FREQUENTLY ASKED QUESTIONS
What is the benefit of active studio monitors vs. passive ones?
Generally, active studio monitors are equipped with an internal amplifier and signal processing (filtering, EQ-ing) whereas passive monitors rely on an external, additional device. Active studio monitors allow a low-loss transmission of electric signals from a sound source (PC, interface) to their input connectors maintaining linear characteristics.
How long does it take to burn-in my ADAM Audio speakers?
Loudspeakers include movable parts. Therefore, they need a certain ‘burn-in time’ for a full excursion and adaption of these parts. After this burn-in time, the speakers reach their full acoustic potential. A ‘normal’ burn-in takes around 24 hours. To burn-in your speakers, it is advisable to feed them with music signals of a broad frequency spectrum and different volumes for a certain period of time.
What crossover frequency would you recommend for the subwoofer?
Generally, it’s hard to tell what settings of a subwoofer to choose. The impact of the specific room (dimensions, symmetry, furniture, etc.) plays quite a huge role. After having chosen the position of the subwoofer, it is advisable to try, try, try…
How do I setup my studio monitors?
Please make sure that there are no obstacles in the way from the studio monitors to your ears. You should be able to see the speakers completely. For the security of your speakers as well as for acoustic reasons, it is important that they sit firmly on a solid surface.
The acoustic center of your monitor, which is usually just below the tweeter, should be pointing at your ears. In case you need to position the speakers in a significant lower or higher position, the studio monitors should be angled accordingly. A standard value for the height of the listener’s ears is 1,20 m above ground.
If the studio monitors are going to be used for stereo applications, the optimum listening position is at the top of an imaginary equilateral triangle with the two speakers to be placed at the other two points of this triangle. The speakers should be aligned with the listener’s position.
Speaker positioning for multi-channel purposes is ideally based on a circle with speakers placed at 0° (Center), 30° (Front Right), 110° (Rear Right), 250° (rear Left), 330° (Front Left), with the listener being the circle’s center (5.1 surround setup). This ITU recommended configuration may vary depending on the purpose of the control room (music or film). However, it is highly recommended to create a symmetrical listening position with the front side and surround speakers pointing at the listener’s ears.
How and where do I position my subwoofer?
It is common knowledge that low frequencies (below about 100 Hz) are non-directional, meaning they can hardly be located by the listener. It is, however, a common misunderstanding that therefore the placement of a subwoofer does not matter. It does matter.
Due to the fact that every room (geometry, furniture, etc.) is unique, the following descriptions intend to be a first introduction to the subject. The aim is to assist you tackling the most frequent problems with subwoofers and room acoustics, notably interference and standing waves.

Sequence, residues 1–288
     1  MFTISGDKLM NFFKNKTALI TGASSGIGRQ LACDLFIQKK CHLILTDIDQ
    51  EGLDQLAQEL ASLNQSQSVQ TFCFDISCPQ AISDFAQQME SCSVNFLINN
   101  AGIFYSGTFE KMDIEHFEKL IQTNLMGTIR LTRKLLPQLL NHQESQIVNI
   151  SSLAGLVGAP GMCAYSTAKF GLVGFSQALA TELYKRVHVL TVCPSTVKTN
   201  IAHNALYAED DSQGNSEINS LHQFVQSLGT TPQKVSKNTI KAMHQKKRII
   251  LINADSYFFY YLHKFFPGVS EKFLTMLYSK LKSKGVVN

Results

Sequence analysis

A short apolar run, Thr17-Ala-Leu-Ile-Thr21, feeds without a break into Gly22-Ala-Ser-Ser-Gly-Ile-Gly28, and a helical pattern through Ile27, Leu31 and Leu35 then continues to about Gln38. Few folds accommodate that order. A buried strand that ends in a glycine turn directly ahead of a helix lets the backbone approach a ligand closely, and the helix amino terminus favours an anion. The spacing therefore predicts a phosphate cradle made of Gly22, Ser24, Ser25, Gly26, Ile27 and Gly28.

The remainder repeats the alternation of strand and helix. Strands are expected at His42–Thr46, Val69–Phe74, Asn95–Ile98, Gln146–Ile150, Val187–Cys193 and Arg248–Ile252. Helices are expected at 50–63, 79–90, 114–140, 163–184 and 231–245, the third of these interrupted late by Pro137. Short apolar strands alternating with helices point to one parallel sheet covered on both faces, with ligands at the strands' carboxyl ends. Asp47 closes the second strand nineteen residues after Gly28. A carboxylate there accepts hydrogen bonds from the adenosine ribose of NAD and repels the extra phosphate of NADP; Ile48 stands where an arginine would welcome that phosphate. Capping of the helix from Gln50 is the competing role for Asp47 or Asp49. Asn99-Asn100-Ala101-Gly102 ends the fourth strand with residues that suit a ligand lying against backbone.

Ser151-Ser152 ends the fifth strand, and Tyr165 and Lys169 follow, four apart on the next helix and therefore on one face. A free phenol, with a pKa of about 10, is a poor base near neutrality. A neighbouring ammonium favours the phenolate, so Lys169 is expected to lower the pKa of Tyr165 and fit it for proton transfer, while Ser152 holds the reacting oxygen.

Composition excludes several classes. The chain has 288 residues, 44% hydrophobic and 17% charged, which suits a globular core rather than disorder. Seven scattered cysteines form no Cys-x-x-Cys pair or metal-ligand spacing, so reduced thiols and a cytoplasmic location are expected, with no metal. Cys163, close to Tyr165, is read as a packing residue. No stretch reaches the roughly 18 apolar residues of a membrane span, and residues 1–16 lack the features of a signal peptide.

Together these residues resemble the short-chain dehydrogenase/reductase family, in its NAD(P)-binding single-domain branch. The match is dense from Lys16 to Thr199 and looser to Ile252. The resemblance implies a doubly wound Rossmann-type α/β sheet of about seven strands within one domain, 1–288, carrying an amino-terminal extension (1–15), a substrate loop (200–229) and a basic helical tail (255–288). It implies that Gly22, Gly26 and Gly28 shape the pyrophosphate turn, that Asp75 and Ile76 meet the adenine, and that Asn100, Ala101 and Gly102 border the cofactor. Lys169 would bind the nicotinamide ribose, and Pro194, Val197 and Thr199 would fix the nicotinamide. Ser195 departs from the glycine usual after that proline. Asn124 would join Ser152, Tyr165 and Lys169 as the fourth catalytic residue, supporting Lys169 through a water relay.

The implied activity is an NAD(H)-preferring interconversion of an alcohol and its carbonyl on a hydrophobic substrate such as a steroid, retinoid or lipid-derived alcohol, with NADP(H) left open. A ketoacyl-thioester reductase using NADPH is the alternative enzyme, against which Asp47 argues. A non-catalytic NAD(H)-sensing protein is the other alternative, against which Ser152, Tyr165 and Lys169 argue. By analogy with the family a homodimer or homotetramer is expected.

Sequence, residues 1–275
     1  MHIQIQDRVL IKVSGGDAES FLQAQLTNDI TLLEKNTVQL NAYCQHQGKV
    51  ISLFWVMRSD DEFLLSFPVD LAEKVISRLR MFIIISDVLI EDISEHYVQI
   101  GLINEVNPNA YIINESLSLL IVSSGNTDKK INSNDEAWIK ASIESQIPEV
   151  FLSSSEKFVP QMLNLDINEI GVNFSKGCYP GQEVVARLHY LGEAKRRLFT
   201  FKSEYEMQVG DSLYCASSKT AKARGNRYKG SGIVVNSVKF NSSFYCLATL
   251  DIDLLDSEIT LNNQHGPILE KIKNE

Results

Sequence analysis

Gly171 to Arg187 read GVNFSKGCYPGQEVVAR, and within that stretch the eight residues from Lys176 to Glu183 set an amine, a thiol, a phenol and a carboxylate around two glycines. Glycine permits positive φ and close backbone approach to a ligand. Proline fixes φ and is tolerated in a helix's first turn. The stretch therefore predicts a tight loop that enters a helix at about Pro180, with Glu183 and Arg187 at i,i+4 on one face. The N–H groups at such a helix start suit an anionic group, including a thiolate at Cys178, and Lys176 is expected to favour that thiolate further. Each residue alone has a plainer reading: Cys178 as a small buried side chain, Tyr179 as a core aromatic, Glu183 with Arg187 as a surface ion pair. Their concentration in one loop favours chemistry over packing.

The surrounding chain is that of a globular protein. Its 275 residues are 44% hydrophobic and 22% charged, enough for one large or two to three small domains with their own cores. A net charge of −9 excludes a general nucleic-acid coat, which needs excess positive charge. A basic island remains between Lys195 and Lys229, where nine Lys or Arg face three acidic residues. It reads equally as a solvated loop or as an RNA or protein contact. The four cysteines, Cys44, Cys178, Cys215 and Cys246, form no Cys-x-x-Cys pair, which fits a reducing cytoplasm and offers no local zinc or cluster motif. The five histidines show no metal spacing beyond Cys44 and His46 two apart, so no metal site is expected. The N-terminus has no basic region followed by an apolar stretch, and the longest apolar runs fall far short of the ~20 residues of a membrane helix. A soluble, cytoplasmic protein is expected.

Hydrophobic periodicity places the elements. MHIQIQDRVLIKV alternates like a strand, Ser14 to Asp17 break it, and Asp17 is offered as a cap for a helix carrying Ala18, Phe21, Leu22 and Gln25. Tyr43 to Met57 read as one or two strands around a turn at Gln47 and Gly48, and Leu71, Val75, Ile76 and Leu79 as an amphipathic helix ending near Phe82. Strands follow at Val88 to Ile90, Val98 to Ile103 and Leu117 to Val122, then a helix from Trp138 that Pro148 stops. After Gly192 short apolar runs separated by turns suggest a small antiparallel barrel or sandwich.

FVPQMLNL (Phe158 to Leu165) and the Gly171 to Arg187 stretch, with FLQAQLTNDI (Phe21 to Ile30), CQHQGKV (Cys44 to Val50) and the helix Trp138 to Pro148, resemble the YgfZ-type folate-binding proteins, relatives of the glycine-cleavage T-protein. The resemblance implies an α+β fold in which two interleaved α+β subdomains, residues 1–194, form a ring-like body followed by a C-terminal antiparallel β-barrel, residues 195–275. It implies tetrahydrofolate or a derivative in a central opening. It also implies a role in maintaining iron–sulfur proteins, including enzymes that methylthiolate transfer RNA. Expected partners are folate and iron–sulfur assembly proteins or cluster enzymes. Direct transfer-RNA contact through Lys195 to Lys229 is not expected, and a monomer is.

1. Distance to satellites: In most set ups it is advisable to place the subwoofer not too far from the satellites to minimize the chance of interferences. Interference means the superposition of two or more waves resulting in an attenuation/cancellation or enhancement of the specific frequency/frequencies. Furthermore, big reflection faces in close range of the subwoofer should be avoided if possible (for example, guitar cabinets, partition walls, racks).
2. Walls/Distance to walls: Generally, every wall in relative close distance to the subwoofer enhances its sound pressure by about 6 dB. For instance, placing the subwoofer in a corner of a room will make it about 18 dB louder. It is likely that this will result in an impairment of the precision of the musical reproduction. Another problem related to the geometrics of the room concerns the so called ‘standing waves’. These are sound waves being reciprocated between reflecting objects, so they ‘stand’ (don’t seem to move) in between these objects. The speaker continues to produce new waves that combines its force with the first wave(s): a vicious circle that results in local imbalances of the particular frequencies.
3. Give it a try! The most important tool for finding the best position for your subwoofer are your ears. There are two rather easy ways: You can determine your listening spot first and then compare the sound of the subwoofer at different positions. Another option is to place the subwoofer at the listening position and then move around. Wherever the sound is the best the subwoofer should be positioned.
What is the function of the phase switch?
With the Phase Switch you can alter the phase of the subwoofer relative to the satellites. That means to change the polarity of the bass unit.
Why would you do that?
The woofers of your studio monitors and subwoofer work in-phase at lower frequencies. Within the crossover bandwidth (meaning the range of frequencies that both the subwoofer and the studio monitors produce), cancellation can occur if the subwoofer is not positioned in line with the studio monitors and / or even asymmetrically. Depending on the distance between woofer and satellites, either 0° or 180° may be the better position.
Again, the best way to find the appropriate settings for your system is to try what position sounds better.